Skip to main content

Scheller News

College Changing Undergraduate Degree Name to BS in Business Administration

College Changing Undergraduate Degree Name to BS in Business Administration

Georgia Tech College of Management is transitioning from offering undergraduate students a Bachelor of Science in Management (BSM) to a Bachelor of Science in Business Administration (BSBA) degree.

Current Management majors who are due to graduate after Spring 2011 are eligible to change their majors so that BSBA appears on their degree. For current Management majors interested in learning more, meetings will be held throughout the semester. For details, visit the BSBA info page.

Starting in summer 2011, all new freshmen and transfer students will be admitted to the BSBA program. The BSM will no longer be offered to new students, but current students who elect not to switch to BSBA can still finish their degrees.

The BSBA and BSM degrees have slightly different degree requirements. Students joining the BSBA degree must complete all BSBA degree requirements, including one of the newly approved business concentrations and several other courses not currently required of all BSM students.

Benefits of the BSBA include greater recognition of the degree's meaning among potential employers, says Nancy Gimbel, director of the College of Management's Undergraduate Program. "While our Management degree requirements are consistent with Business Administration degree requirements at peer institutions, the Management degree requires constant explanation to recruiters," she explains.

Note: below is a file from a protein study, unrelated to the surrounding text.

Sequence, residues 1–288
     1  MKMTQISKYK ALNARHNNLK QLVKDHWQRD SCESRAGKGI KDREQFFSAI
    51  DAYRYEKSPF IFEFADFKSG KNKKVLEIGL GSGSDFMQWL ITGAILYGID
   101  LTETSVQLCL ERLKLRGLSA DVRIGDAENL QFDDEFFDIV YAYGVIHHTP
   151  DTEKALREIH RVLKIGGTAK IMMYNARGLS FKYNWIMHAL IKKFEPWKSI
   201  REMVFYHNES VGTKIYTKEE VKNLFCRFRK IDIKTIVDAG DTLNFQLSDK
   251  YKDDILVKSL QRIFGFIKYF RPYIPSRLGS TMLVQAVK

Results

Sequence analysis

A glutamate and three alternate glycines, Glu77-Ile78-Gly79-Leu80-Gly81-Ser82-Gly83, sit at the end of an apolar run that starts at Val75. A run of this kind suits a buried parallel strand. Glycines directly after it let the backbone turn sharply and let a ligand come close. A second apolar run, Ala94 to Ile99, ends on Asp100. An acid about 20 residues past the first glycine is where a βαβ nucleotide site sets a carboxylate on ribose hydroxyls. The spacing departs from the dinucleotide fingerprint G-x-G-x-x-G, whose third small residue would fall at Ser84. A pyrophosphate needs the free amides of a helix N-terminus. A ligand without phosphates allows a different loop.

"Management is just one of the disciplines under the umbrella of Business Administration," Gimbel adds. "Although many decades ago our program focused on producing industrial managers, we now have fully established academic areas and concentrations in finance, accounting, marketing, organizational behavior, information technology management, operations management, law and ethics, strategic management, and general management."

Requiring BSBA graduates to complete a major concentration shows employers that they are able to compete within an area of business specialization, in addition to having gained an understanding of all the areas of business through completion of core classes, Gimbel says.

Requiring BSBA students to complete a major concentration shows employers that they are competitive for full-time positions that require depth of knowledge in one area of business. Through core courses, students will continue to gain breadth of knowledge across all areas of business.

The change to BSBA aligns the College's undergraduate program to the various Master of Business Administration degrees offered at Georgia Tech.

Georgia Tech's Undergraduate Program is currently 28th (16th among public universities) by U.S. News & World Report and 50th (19th among public universities) by Bloomberg BusinessWeek.

Spring 2010 graduates had a median salary of $50,000 (versus the national business major average of $45,200). By graduation, 67 percent of students had job offers (and the percentage was 87 percent for those with intern/coop experience). The national average for students in all majors with jobs at graduation was 24.4 percent. Within Georgia Tech, the College of Management is second only to the College of Computing in terms of the job offers per student (and tied with Computing for the top signing bonus average).


Profile image for News
News Contact